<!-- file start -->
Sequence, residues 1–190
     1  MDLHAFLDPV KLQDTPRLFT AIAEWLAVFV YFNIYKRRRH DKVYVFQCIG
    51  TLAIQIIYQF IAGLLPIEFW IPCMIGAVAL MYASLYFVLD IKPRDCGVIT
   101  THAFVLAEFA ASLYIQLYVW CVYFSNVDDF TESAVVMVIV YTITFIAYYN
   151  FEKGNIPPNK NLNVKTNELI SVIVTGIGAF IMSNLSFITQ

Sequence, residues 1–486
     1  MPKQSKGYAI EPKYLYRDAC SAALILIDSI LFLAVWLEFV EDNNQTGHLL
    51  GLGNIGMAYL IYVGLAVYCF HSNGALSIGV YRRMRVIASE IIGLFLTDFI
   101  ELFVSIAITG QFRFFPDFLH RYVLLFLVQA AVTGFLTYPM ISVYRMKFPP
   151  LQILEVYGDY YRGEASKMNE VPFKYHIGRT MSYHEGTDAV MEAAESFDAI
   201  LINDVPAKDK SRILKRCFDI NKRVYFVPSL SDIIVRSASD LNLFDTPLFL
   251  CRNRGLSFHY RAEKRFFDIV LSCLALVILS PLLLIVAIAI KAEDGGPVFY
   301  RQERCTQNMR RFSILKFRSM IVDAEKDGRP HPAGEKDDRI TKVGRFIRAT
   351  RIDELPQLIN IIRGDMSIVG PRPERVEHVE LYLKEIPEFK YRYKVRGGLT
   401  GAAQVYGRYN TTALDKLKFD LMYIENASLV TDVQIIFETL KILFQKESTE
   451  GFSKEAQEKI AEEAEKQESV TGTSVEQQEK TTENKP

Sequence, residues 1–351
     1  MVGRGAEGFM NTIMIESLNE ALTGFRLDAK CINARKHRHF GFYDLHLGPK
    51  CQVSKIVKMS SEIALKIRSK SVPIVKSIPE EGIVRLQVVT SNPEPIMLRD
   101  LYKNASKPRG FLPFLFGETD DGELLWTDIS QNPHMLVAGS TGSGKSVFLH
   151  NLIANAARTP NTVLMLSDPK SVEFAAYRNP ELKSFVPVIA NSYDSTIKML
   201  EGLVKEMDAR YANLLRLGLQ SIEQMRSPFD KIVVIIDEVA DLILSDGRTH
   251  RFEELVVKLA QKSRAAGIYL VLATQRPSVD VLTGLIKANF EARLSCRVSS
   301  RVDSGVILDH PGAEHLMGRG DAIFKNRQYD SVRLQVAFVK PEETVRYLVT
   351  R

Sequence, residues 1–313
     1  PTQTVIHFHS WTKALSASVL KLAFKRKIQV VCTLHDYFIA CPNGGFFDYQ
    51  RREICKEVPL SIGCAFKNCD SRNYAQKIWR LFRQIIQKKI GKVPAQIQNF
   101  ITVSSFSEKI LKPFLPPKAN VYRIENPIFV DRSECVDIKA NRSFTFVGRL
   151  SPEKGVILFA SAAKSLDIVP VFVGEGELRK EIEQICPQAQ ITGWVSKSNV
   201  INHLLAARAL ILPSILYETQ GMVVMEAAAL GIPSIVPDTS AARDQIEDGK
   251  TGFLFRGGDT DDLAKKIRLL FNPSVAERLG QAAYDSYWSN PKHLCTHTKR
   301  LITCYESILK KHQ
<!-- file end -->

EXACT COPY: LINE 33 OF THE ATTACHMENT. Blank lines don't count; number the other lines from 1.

   301  LITCYESILK KHQ